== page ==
Processed Thoughts

Ideas fit quite well inside one’s brain, especially when nestled comfortably against rabbit-fur-soft dreams and fantasies and illusions. When those very same snug and serene ideas slam against the coarse realities of action, though, illusions leave contusions. Actions have sharp edges that can scrape against creativity’s soft, smooth lining. leaving bruises and scabs and—eventually—scars. Life, in  general, is like that. The slightest movement of an eagle’s delicate, lacy feathers enable the raptor to steer through the air with stunning precision. Yet even while the bird engages in airborne ballet, its talons transform its prey—a frightened ball of trembling fur—into blood-soaked carnage. The earth is a rough, brutal place. Humans have taught ourselves to judge the pain and gore of predator-versus-prey terrifying and offensive; as if pain has no rightful place on the planet. Pain is a natural physical and mental experience; its avoidance…an outgrowth of fear…is just as natural. But the complexities of the cycles of life are far too tangled for our primitive minds to fully grasp. We are not far removed from being terrorized by darkness and the oceans. If our species were to survive for another thousand millennia, we might begin to comprehend a tiny fraction of what we do not—and never will—know. By then, we would have lost almost everything we once knew, though, and would have to start over. Clever ideas, battered by forgotten experiences, repeated in a perpetually unsatisfactory cycle. Will we continue to stare, in morbid fascination, as the eagle tears at the flesh of her freshly-incapacitated and soon-to-be dead prey? We do not want to think about these realities. The only other option is ignorance. And we go on making competing choices. Ad infinitum.


A conflict exists between certain ideas involving “moral behavior.” The conflict makes no sense to me. Some people find the concept of hiring a maid or a housekeeper offensive, as if the act of engaging the services of a person to clean one’s house is equivalent to judging the person so engaged to be inferior to the person who makes the engagement. Why is that idea offensive? Is the idea of engaging an automobile mechanic to repair one’s car equally offensive? I see the two situations as quite similar. Both the service providers (I’ll call them contractors) bring certain skills to circumstances requiring those skills. Why would one be judgmental in hiring a maid, but not as judgmental in hiring a mechanic? Consider the tutor who is contracted to help a parent’s child better understand mathematical theories. By engaging that contractor, is the parent judging the teacher to be inferior?  Of course, I realize the attitude the person hiring the contractor may vary from one type of contractor to another; but why would we differentiate between them? Is the work of a maid/housekeeper any less valuable than the work of a tutor or auto mechanic? Perhaps. If one defines Value as the ratio of Function to Cost, an argument might be made that certain functions have more value, based on what we are required to pay to acquire those functions. But isn’t our willingness to pay more (or less) a matter of judgment? Philosophies often are used to justify thought processes. And value judgments. Is there a legitimate way to remove judgment from the equation? Maybe. Maybe not. Hard to say, without introducing morality into the equation. Value. Morality. Cost. Function. Thinking too hard about such stuff can cause one’s brain to fracture into a million misshaped slivers.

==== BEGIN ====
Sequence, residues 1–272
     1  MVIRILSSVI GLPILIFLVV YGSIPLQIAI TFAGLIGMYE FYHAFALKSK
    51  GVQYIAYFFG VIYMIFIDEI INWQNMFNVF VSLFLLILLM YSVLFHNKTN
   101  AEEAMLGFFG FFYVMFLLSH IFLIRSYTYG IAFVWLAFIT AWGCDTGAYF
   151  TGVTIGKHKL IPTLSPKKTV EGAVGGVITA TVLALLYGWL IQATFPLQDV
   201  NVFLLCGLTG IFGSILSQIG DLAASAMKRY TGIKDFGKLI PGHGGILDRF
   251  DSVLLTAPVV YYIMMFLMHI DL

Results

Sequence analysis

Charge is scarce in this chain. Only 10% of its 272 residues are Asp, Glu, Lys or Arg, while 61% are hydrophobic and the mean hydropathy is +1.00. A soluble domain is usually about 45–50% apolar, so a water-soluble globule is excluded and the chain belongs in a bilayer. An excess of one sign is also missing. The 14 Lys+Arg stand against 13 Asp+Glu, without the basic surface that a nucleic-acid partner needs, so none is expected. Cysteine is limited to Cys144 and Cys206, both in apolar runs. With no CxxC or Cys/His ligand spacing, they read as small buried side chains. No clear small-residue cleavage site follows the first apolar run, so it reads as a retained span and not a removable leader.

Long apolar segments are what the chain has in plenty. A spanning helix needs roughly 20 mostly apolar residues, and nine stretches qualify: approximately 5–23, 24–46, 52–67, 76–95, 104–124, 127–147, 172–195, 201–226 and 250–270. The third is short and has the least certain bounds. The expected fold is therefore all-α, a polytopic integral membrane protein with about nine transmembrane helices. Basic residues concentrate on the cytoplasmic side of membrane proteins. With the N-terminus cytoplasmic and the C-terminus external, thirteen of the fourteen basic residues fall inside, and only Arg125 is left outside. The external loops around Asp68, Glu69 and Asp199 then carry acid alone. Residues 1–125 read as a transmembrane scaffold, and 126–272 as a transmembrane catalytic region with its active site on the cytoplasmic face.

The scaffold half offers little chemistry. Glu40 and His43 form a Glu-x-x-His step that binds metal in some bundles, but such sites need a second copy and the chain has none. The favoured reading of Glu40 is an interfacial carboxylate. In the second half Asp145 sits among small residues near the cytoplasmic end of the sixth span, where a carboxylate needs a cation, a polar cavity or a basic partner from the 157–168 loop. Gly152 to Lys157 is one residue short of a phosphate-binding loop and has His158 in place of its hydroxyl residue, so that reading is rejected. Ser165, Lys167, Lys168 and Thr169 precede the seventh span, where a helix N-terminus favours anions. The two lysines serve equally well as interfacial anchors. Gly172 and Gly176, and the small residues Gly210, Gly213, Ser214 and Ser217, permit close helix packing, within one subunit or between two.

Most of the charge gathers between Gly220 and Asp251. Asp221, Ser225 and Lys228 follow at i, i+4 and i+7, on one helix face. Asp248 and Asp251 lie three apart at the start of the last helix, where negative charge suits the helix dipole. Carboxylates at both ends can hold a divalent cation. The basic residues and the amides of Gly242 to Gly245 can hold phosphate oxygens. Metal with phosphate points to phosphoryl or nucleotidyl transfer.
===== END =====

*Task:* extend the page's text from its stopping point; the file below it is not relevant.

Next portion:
Time for another fistful of pills. And a Boost ( much to my chagrin). And whatever else I can convince myself is appealing. A cinnamon roll sounds especially appealing. Unfortunately, there are no cinnamon rolls in the house. A damn shame. A damn CRYING shame. I could go for my version of congee, too. But at least one of the ingredients is missing. Ach. I feel a bit better than has been the case of late, but I am tired. Sleepy. I got up too early or went to bed too early or otherwise broke my circadian rhythm into fragments; actually, I shattered it into pieces so small I may find it impossible to put it back together again. But sleeping is becoming more appealing with each passing day. I still cannot control my dreams, but I may keep trying.


About John Swinburn

"Love not what you are but what you may become."― Miguel de Cervantes
This entry was posted in Uncategorized. Bookmark the permalink.

2 Responses to Processed Thoughts

  1. John S Swinburn says:

    Unfortunately, Bev, you are right. Chauvinism is alive and well. I hope, though, its prevalence is not as common today as it once was; nor will it be as common tomorrow as it is today. I hope.

  2. bevwigney says:

    I think men can hire maids and housekeepers without anyone thinking much of it. However, if a woman hires housekeepers, that is a reflection on her inability to keep the house tidy. Same deal if a house is messy — who gets blamed — the wife and not the husband, even if they both work at outside jobs. I saw a good meme recently. It read something like, “A woman does the housework, drives the kids to their sports, does the grocery shopping, etc.. but then we’re told she doesn’t work – she’s just a housewife.” Sadly, that’s the truth. We would not say that about a man because he doesn’t do his own car repairs, or because he hires a plumber to fix some problem. Why one and not the other?

I wish you would tell me what you think about this post...

This site uses Akismet to reduce spam. Learn how your comment data is processed.